posted on Nov, 22 2009 @ 07:16 PM
It's worth noting that this has always been a controversial point. During India's struggle for independence, many people viewed Gandhi as a kind of
"patsty" or "uncle tom" for the British, to keep the Indians pacified so the British could remain as long as possible or at least pull out
retaining maximum wealth and avoiding chaos. Gandhi's comments on the way
Jews should respond to the holocaust
were also roundly criticized by many because they were thought to lead to unnecessary pacifisim and hence
abade mass genocide.
Martin Luther King was also roundly criticized by certain elements of the black liberation movement (such as Malcom X, the Black Panthers, etc.) for
I cannot say which way is wrong or right. To a very large degree, I think the effectiveness of whichever way is chosen depends on how the the world
views it, which is controlled to a great extend by the media and other forms of propaganda/presentation. For example, consider the impact that one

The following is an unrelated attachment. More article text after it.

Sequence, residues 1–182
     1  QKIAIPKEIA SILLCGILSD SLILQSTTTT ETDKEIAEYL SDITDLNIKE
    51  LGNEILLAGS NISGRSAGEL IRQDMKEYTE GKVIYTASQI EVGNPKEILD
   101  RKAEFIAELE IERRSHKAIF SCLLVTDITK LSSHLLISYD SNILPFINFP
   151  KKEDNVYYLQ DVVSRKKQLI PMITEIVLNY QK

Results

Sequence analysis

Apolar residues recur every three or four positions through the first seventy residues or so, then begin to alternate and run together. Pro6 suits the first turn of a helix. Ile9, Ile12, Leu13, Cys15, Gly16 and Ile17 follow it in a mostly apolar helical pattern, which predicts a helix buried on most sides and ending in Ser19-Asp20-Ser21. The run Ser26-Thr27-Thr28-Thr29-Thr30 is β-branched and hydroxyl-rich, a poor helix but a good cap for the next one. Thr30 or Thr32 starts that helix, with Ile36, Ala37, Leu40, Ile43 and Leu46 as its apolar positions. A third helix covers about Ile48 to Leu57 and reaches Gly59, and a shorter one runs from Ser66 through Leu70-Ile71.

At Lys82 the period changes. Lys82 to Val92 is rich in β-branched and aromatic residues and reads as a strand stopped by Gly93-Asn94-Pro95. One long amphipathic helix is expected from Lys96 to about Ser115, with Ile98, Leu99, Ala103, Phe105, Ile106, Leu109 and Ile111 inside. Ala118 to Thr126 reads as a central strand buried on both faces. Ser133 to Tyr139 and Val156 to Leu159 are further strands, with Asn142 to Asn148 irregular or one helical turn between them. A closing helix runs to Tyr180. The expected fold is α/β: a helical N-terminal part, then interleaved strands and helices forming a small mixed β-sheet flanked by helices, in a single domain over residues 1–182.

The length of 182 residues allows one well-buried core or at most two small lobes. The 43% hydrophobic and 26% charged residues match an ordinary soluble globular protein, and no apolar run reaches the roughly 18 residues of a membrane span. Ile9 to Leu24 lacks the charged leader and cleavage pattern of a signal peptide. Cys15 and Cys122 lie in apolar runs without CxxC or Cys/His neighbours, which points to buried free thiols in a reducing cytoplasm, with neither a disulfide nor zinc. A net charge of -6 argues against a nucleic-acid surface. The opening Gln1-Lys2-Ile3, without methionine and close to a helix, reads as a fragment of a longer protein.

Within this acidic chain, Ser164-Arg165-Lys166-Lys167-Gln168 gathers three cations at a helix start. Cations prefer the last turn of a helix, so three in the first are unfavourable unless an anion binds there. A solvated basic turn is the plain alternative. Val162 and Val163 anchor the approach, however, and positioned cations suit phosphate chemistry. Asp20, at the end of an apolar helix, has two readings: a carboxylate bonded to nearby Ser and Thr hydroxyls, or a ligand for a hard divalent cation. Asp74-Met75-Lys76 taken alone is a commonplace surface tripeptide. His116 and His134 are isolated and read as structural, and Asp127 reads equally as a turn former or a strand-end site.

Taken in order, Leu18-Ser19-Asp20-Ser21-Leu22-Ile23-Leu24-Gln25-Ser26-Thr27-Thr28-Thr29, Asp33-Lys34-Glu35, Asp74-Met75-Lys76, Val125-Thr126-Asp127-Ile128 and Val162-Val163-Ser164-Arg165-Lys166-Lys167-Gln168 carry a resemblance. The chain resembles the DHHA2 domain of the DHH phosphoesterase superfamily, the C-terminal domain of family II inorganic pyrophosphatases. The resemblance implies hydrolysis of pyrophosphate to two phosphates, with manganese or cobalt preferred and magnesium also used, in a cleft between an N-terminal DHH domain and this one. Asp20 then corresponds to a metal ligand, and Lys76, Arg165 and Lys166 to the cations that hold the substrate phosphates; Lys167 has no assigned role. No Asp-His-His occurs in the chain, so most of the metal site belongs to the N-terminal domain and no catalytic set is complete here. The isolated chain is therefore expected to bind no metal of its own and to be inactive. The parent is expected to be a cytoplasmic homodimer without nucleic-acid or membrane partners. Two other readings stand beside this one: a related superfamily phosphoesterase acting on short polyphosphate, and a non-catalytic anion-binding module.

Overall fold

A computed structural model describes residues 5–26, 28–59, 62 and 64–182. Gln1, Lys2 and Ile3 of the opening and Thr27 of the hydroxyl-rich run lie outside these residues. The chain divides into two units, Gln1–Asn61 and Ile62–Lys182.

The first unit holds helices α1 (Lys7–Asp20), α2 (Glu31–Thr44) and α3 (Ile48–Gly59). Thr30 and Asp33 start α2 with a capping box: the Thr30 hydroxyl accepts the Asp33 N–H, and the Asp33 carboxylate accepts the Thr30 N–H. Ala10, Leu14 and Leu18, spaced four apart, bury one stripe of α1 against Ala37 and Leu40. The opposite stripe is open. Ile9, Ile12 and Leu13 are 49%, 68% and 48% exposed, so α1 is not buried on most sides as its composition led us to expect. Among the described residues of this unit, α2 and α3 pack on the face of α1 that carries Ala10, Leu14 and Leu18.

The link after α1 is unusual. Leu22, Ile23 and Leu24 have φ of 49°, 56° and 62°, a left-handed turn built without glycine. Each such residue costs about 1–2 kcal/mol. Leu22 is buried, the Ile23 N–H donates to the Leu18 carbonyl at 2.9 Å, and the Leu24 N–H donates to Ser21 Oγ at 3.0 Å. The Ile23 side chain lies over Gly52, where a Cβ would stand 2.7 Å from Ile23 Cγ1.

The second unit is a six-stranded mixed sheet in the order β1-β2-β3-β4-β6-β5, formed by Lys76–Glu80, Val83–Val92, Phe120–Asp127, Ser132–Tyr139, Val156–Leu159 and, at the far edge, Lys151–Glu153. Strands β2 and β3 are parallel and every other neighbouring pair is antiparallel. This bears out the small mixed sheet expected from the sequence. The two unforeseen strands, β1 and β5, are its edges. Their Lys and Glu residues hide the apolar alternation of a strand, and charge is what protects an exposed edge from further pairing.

famous photo of the man standing in front of the Tienanmen Square tanks had:
This is an image known around the world because it was pumped heavily in the Western press. The Press had an agenda at the time: ending or crippling
communism, so the protests were given the utmost attention and praise. On the other hand, similar things happen in Palestine every day. Most of them
are ignored because it goes against the MSM agenda, although other aspects of the the press treat such people as heroes because they have an opposite
To sum up, the perception of the value of violence versus nonviolence seems to be shaped by the media and the forces that stand behind the media.
This is not fair at all, but its just the way the world works. I think (almost) all humans have a kind of instinctual respect for the nonviolent
underdog, but this can be manipulated and twisted in so many way by different power blocks and ideological groups for their own purposes.